We know if the population is less than 2, then the cell will die due to under population. We do a simple test and store the result of a dead cell (a 0) into the temporary newTick dictionary.

if numberNeighbours < 2:
    newTick[item] = 0


        if lifeDict[item] == 1: # For those cells already alive
            if numberNeighbours < 2: # kill under-population
                newTick[item] = 0


If the number of neighbours is larger than 3 there is over crowding, again resulting in a dead cell.

elif numberNeighbours > 3:
     newTick[item] = 0



            if numberNeighbours < 2: # kill under-population
                newTick[item] = 0
            elif numberNeighbours > 3: #kill over-population
                newTick[item] = 0


We have dealt with less than 2 and greater than 3 neighbours. However not specified what happens to those cells with 2 or 3 neighbours.

Well these survive.

else:
    newTick[item] = 1 # keep status quo (life)



            elif numberNeighbours > 3: #kill over-population
                newTick[item] = 0
            else:
                newTick[item] = 1 # keep status quo (life)


The else part of the if statement covers all other options which will be either 2 or 3.

Now lets look at the possible options if the cell is currently dead.

elif lifeDict[item] == 0:


            else:
                newTick[item] = 1 # keep status quo (life)
        elif lifeDict[item] == 0:
     

It will become alive if there are exactly three neighbours which are alive.

if numberNeighbours == 3: # cell reproduces
newTick[item] = 1



        elif lifeDict[item] == 0:
            if numberNeighbours == 3: # cell reproduces
                newTick[item] = 1


Otherwise it will remain devoid of life....

else:
newTick[item] = 0 # keep status quo (death)



            if numberNeighbours == 3: # cell reproduces
                newTick[item] = 1
            else:
                newTick[item] = 0 # keep status quo (death)


Thats all the options dealt with. It should have been determined what the new state for every position on the newGrid should be, so lets now return the dictionary with this information.

return newTick


                newTick[item] = 0 # keep status quo (death)
    return newTick


So far in our main function we have been preparing the grid and getting it ready to play the game. But we have not placed anything within the continuous loop which allows the game to keep running. It is the creating of this new generation or tick which should be placed in that while loop.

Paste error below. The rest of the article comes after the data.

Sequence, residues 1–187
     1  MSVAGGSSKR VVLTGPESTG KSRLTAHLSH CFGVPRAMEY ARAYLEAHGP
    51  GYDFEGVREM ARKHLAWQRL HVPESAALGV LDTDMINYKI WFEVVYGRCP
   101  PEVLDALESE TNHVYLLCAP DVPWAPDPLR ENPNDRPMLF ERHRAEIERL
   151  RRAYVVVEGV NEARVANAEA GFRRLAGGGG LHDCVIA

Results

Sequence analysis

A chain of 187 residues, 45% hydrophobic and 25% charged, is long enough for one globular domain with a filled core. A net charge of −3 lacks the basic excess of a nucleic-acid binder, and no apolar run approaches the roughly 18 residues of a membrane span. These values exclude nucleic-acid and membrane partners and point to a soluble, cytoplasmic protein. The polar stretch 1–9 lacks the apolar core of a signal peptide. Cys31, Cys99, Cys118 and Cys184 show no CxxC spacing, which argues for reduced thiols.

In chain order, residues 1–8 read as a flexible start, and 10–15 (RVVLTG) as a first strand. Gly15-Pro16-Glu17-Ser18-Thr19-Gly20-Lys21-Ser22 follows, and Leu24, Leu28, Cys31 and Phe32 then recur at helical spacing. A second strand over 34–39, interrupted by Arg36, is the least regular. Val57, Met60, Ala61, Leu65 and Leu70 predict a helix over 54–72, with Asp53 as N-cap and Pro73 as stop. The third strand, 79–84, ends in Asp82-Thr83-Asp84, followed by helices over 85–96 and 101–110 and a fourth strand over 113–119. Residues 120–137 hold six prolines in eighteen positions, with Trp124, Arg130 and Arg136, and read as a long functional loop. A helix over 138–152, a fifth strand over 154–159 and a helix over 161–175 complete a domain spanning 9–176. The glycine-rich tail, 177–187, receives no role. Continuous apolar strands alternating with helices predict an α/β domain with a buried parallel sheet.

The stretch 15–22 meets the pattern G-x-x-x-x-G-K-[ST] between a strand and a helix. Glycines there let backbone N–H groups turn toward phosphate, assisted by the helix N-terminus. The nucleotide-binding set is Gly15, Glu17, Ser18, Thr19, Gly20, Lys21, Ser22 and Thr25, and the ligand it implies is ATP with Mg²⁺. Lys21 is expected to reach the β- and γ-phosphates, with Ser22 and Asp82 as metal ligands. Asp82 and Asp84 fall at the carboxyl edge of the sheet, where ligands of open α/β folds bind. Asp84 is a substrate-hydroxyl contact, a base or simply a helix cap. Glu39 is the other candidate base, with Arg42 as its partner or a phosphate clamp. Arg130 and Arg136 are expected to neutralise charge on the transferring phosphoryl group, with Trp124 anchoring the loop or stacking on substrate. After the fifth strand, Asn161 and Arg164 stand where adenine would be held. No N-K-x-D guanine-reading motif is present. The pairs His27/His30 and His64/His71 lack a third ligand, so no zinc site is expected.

lifeDict = tick(lifeDict)


    while True: #main game loop
        for event in pygame.event.get():
            if event.type == QUIT:
                pygame.quit()
                sys.exit()

        #runs a tick
        lifeDict = tick(lifeDict)


We are replacing the information of our current generation with the information from the new generation we have determined.

Now our dictionary contains the information for the new generation, lets run through all the cells and ensure they are all coloured in correctly.

        for item in lifeDict:
            colourGrid(item, lifeDict)



        #runs a tick
        lifeDict = tick(lifeDict)

        #Colours the live cells, blanks the dead
        for item in lifeDict:
            colourGrid(item, lifeDict


We have done this before when colouring in our random starting grid, but this ensures it is done each generation.

Finally we need to specify how often we want the screen to update with our new information. We can set a value of FPS or Frames Per Second to do this.

So with your global variables type:

FPS = 10


import random

#Number of frames per second
FPS = 10


In our main function we need to specify the clock which will control the speed of the ticks.

FPSCLOCK = pygame.time.Clock()
 

    global DISPLAYSURF
    FPSCLOCK = pygame.time.Clock()


Now lets make sure our while loop runs a new tick referring to the FPS.

To do this at the bottom of your while loop add the following line

FPSCLOCK.tick(FPS)


        for item in lifeDict:
            colourGrid(item, lifeDict)

        drawGrid()
        pygame.display.update()    
        FPSCLOCK.tick(FPS)


If you want to slow or speed up the Game of Life you can do this by modifying the global FPS value. However it will only run as fast as your computer can cope with!

Run the game and you should see cells living and dying right in front of your eyes!

If you would like full source code for the game of life it can be found here.

Game of Life Source Code

I hope you have enjoyed this tutorial. When I said at the start of this that I felt the Game of Life was too difficult for me to write, I was wrong... If you break everything down into manageable chunks like I have shown here, there is nothing difficult about it.

For those of you interested I have create a second blog on this topic. This moves away from a random starting point shown here, and demonstrates some of the more interesting controlled starts. The link is below.

Game of Life - Alternative Starts